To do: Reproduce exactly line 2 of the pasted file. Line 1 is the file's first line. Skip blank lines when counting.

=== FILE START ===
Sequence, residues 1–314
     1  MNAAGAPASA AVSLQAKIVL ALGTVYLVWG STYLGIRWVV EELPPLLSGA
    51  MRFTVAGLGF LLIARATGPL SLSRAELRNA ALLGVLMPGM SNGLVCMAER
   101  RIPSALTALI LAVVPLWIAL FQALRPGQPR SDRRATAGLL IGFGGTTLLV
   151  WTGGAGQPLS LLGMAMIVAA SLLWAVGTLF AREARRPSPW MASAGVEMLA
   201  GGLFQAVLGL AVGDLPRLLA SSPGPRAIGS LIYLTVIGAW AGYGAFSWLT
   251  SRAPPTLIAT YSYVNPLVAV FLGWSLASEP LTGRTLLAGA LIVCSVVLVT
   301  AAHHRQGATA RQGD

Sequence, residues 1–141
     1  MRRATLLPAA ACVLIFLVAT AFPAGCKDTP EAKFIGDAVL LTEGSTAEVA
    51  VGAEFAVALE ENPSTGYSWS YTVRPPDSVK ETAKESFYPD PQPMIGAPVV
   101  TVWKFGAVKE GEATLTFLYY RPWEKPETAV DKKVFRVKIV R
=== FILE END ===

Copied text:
     1  MNAAGAPASA AVSLQAKIVL ALGTVYLVWG STYLGIRWVV EELPPLLSGA